Posted by Jason Louv
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11.28.2009
02:43 pm
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Burroughs vs. Kerouac!
11.24.2009
03:23 pm
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Via Paul Di Filippo. Paul captions: “I’m the King of the Beats!” “No, I am!”

Posted by Jason Louv
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11.24.2009
03:23 pm
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Wallace Berman’s Aleph
11.20.2009
04:17 pm
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Wonderful addition to the bottomless pit of greatness offered over at Ubu, American assemblage artist Wallace Berman‘s first and only film, Aleph.  Best known, perhaps, for spearheading the SEMINA art publication, Berman labored on Aleph from ‘56-‘66.  Here’s what Ubu says of the film:

Aleph is an artist’s meditation on life, death, mysticism, politics, and pop culture.  In an eight-minute loop of film, Wallace Berman uses Hebrew letters to frame a hypnotic, rapid-fire montage that captures the go-go energy of the 1960s.  Aleph includes stills of collages created using a Verifax machine, Eastman Kodak’s precursor to the photocopier.  These collages depict a hand-held radio that seems to broadcast or receive popular and esoteric icons.  Signs, symbols, and diverse mass-media images (e.g., Flash Gordon, John F. Kennedy, Mick Jagger) flow like a deck of tarot cards, infinitely shuffled in order that the viewer may construct his or her own set of personal interpretations.  The transistor radio, the most ubiquitous portable form of mass communication in the 1960s, exemplifies the democratic potential of electronic culture and serves as a metaphor for Jewish mysticism.  The Hebrew term kabbalah translates as “reception” for knowledge, enlightenment, and divinity.  According to the artist’s son Tosh Berman, Wallace Berman treated Aleph ‘...as a creative notebook, and like a true diary, it has no beginning and no end.’

Posted by Bradley Novicoff
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11.20.2009
04:17 pm
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Iceberg Slim: Reflections
11.18.2009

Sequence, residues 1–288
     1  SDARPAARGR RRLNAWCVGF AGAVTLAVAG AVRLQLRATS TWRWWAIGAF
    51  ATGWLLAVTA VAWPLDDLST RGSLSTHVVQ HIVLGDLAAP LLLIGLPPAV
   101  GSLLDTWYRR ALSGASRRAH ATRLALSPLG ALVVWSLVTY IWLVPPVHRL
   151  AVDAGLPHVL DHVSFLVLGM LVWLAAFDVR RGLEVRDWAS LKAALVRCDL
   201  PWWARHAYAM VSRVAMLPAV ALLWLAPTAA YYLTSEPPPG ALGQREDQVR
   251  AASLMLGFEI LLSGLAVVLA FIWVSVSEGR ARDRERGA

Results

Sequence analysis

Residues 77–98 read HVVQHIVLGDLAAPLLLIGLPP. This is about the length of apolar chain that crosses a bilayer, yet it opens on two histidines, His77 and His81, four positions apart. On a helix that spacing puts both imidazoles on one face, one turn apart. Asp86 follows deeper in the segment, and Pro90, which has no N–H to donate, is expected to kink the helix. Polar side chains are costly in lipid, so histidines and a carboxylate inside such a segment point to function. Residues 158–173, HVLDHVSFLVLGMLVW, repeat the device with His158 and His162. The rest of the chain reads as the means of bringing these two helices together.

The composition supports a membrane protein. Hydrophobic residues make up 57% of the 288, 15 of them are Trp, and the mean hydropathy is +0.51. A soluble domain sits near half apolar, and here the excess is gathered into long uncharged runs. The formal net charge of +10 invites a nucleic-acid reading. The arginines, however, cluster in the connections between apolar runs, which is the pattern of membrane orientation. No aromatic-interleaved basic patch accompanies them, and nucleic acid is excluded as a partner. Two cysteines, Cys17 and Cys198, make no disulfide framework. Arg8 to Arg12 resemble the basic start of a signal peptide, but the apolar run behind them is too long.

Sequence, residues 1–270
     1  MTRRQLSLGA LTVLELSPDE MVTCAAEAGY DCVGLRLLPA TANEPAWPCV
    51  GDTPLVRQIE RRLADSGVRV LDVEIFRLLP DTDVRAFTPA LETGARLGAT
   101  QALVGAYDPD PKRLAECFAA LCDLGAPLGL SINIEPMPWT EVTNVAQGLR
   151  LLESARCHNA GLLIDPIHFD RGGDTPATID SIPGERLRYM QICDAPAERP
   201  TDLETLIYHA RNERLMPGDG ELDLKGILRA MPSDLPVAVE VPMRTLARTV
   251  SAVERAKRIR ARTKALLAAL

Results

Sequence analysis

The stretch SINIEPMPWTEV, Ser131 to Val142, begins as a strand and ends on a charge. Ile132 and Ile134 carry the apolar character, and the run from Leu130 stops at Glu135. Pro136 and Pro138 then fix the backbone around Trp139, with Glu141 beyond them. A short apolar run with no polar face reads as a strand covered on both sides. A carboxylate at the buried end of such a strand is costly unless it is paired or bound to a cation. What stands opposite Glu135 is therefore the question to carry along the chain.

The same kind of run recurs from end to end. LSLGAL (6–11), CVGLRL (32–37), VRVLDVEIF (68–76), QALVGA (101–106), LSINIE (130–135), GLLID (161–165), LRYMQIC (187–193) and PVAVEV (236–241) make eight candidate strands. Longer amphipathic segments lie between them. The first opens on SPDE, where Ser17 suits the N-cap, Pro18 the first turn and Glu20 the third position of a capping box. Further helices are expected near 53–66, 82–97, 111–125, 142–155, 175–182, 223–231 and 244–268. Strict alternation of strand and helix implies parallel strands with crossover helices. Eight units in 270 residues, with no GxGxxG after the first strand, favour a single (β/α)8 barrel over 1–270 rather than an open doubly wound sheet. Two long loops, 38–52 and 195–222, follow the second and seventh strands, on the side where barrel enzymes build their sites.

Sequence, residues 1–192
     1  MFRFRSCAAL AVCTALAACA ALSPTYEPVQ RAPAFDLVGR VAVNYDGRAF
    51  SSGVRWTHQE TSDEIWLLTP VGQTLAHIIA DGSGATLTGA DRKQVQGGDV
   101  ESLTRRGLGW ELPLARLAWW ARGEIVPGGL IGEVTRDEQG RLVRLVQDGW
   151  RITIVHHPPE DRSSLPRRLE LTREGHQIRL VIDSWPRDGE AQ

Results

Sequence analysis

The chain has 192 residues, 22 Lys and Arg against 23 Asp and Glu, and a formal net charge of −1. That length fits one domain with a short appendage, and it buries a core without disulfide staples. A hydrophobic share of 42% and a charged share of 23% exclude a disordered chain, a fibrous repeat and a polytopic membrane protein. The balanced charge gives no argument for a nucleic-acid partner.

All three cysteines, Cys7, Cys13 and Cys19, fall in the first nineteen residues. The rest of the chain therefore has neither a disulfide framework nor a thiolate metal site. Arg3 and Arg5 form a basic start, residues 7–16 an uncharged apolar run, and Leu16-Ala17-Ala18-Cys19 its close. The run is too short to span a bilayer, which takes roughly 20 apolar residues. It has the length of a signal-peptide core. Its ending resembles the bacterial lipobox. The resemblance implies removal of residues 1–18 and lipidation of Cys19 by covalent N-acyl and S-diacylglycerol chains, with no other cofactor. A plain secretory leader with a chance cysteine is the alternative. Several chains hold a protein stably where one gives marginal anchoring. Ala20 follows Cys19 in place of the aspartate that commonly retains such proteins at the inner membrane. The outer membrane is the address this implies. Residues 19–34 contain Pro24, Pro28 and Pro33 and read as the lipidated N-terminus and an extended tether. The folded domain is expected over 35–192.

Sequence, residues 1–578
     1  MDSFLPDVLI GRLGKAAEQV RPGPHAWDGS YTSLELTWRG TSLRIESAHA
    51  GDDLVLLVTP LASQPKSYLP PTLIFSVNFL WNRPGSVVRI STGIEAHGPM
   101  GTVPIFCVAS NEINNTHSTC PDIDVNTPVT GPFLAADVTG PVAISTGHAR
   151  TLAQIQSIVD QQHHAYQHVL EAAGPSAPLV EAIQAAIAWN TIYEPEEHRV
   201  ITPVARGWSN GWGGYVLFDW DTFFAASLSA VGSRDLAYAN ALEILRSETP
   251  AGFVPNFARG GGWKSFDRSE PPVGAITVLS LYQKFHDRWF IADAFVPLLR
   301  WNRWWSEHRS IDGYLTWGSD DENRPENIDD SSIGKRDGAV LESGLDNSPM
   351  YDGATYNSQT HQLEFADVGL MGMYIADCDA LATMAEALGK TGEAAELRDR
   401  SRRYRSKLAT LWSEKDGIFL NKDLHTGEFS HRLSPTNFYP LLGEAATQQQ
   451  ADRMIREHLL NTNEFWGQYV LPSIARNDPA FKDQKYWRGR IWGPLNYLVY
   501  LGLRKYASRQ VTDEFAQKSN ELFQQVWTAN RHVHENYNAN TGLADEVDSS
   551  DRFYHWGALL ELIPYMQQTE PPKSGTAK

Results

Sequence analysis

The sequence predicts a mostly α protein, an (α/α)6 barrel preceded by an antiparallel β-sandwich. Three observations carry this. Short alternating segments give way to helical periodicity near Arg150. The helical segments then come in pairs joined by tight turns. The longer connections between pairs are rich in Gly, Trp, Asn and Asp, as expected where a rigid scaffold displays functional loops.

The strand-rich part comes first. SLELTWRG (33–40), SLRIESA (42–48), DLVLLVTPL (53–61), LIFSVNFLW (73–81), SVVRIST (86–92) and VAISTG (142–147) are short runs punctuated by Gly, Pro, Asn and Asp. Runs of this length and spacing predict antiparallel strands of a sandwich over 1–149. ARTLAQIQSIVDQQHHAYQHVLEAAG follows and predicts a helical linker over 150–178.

03:17 pm
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Iceberg Slim is well-known as the literary progenitor of gangster rap (Ice-T, Ice Cube and Jay-Z have all listed him as a formative influence), mostly for his groundbreaking autobiography Pimp. Check out this great tribute to Slim by Josh Alan Friedman:

Like the painter Grandma Moses, Iceberg Slim was reborn an artist after age 40. His third, and harshest prison sentence - 10 months in steel solitary at the Cook County House of Corrections - finally crushed the pimp right out of him. Vilifying past predatory values, he exorcised his demons into folklore, leaving a seven-book legacy. Pimp: The Story of My Life, contained bookend warnings against the life. But Iceberg’s masterpiece only bolstered pimp liberation amidst the blaxploitation movie craze. In Times Square, for instance, a hundred fur-coated Superflys lorded over a thousand streetwalkers, taking renegade control of 8th Avenue. For them, Pimp declassified the sorcery of whore control, became a textbook for wannabe’s, and lent ethnic pride to the hideous profession.

Pimp still holds as perhaps the greatest chronicle ever written on male-female relations. In the flush of literary success, white feminist-journalist types sought out interviews like intellectual groupies. Pimp philosophy, Iceberg believed, might be adapted to mainstream relationships. “My theory is that some quantum of pimp in every man would perhaps enhance his approach to women,” he told the Washington Post. “Because I think it’s a truism that women gravitate to a man who can at least flash transient evidence of heelism. . . Women are prone to masochism, anyway. I think if you are able to manufacture a bit of ‘heelism’ in your nature and give them a sense of insecurity as to whether some voluptuous rival might come along and steal you, then you are a treasured jewel.”

I read Pimp when I was 13. I’m not sure it exactly uh helped my skills with women, but it certainly gave me a new vocabulary to irritate my friends with.

However, nothing compares to Slim’s readings of his own work on the album Reflections. Hearing Iceberg Slim’s renditions of key points in his life?

Posted by Jason Louv
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11.18.2009
03:17 pm